Of the 100+ people we interacted with on the trail, there were none that were anything but friendly and considerate. Maybe it's a Canadian thing, but I got no 'entitled', 'weird', or 'sketchy' vibes that sometime crop up on other popular trails. We did meet a few folks that made the trek special...
The ladies above (Erin, Candice, Amanda, Shannon, Ericka) followed the same itinerary as us. They did not all hike together through the day, but every afternoon or evening they eventually arrived at camp. Over the days, it was enjoyable to hear about their adventures, including getting lost, bushwhacking, and falling in mud. Pretty much every other obstacle you may hear about this trail seemed to happen to one or another of them at some point, but they persevered and fared as well as most.
One hiking pair that rode the shuttle bus with us was a father and young son. They were excited to hike, but after our boat ride with them across the Gordon River, we never saw them again. We got word on the second day that the dad had a boot blow out on the first day so they had to turn around and leave - hopefully, he fixed it and did a reboot (get it?).
Others from that original group would leap frog with us over the next days. One Canadian fellow had hiked the trail a couple times and shared a lot of information from his past experiences.
Upon reaching the northern terminus early in the day, we were greeted by a Trail Guardian, someone that maintains the trail, helps hikers, and shares local culture. My wife asked him if he'd take our group photo which he eagerly did, and surreptitiously got a couple of himself in as well. This is Kevin, whom I later learned is pretty well-known on the trail since he's been working on it for over 23 years now.
This year, Kevin has been sharing salmon with hikers that arrive at the terminus on Thursday afternoons - we missed it. He is also part of a crew responsible for the northern 25KM of the trail - there are 3 such crews, breaking the trail into three 25KM sections. It was a joy to chat with him for quite some time while he sharpened his chainsaw.
There were more women than men hiking the WCT during our time on trail. The last person we met on trail was at about kilometer 3, and she was a spitfire just heading south all by herself. All smiles, enthusiasm, and energy, with a small, light gear setup. I have no doubt she cruised down to the Gordon River without a care.
I noticed the diversity of hikers, too, and it was refreshing. On the long trails I've hiked, the typical hiker is a lean white male. The WCT is exceptionally different from that with a wide range of skin colors, body sizes, ages, and even languages. I heard English, French, Japanese, and Spanish (I think).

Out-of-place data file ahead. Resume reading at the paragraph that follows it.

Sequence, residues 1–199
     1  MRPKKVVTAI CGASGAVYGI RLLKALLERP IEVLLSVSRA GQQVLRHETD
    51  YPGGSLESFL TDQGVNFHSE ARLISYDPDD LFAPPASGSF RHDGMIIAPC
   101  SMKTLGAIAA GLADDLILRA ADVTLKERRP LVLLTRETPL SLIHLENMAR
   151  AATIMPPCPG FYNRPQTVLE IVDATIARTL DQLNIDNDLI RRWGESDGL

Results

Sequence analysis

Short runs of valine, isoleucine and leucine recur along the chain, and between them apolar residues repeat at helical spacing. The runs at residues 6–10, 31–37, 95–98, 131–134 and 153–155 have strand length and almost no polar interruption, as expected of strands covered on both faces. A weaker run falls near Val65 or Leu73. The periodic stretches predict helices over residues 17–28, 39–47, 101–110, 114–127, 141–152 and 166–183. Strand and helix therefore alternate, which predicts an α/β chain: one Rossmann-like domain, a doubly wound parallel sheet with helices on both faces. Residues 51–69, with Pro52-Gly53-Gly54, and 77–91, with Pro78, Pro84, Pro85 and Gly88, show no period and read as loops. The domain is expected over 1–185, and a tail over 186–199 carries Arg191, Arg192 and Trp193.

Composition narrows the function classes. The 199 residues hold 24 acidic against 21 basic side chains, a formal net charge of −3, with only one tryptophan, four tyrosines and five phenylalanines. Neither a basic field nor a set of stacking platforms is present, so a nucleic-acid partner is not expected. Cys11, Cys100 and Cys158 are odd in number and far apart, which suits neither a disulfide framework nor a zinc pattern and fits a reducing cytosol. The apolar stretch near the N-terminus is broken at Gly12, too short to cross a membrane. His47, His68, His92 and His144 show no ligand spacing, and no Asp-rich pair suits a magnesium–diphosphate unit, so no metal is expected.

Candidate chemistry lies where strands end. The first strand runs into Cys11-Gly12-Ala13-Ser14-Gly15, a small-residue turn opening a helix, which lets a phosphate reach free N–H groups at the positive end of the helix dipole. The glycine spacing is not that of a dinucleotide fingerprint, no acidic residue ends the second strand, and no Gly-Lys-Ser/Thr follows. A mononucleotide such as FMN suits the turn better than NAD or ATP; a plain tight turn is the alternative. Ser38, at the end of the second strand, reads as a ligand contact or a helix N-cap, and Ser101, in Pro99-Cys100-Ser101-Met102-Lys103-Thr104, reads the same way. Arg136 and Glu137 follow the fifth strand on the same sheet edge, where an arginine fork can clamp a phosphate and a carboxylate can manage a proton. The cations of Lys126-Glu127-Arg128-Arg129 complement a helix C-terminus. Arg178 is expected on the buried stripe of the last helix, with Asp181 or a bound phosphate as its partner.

It seemed to me that the general 'vibe' on the WCT is more easy going than on longer trails. There was not a drive to cover many miles. Taking time to experience the widely ranging trail conditions and varying scenery was a nice luxury. Having a few hours to lounge around after hiking a few miles each day gave it more the feel of camping than hiking. I suppose the shorter trail length and commitment of just a week rather than a month or more had a lot to do with this.
I'll share what our camp life was like on the WCT in a couple days...
OMG, what a hike!
I just got back from a family backpacking trip - myself, wife, two sons, and a girlfriend. Seven days of hiking and camping on the West Coast Trail of Vancouver Island, British Columbia, Canada was a wonderful week in the wilds. I finished my trip report, but wanted to share a few pictures now.
The trail has plenty of ladders...
First (and steepest) Ladder right at the southern trailhead.
Ladders Going Up and Down
Ladders Upon Ladders
Nice Bridge Across River
Not So Nice Bridge
Not So Nice Boardwalk
Cable Cars Are Fun
Easy Beach Walks
Not So Easy Rock Scrambles
The Trail was Flat...
And Not So Flat
Buoys hanging in trees marked the trail into the higher forest...
Or, they were just buoys in trees.
So, we added one found on the beach.
All the campsites were very nice.
So were the toilets at each camp.
We made some friends.
And enjoyed so many things along the way...
Until We Reached the End
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Feb 13, 2020 - Jason Berklund
Feb 13, 2020 - Hiking Dude
Getting to the northern terminus is expensive (in my mind). If you can schedule correctly, Arrowhead Transit is cheapest to Grand Marais, but then Harriet Quarles is the only shuttle I know of. You might find a good ol' boy in Grand Marais willing to drive you the 35 miles to the end for a few $$$.
It's a 3 hour drive from Duluth - that's 6 hours and 300 miles round-trip. Maybe your friend would like to drive up the north shore for a day.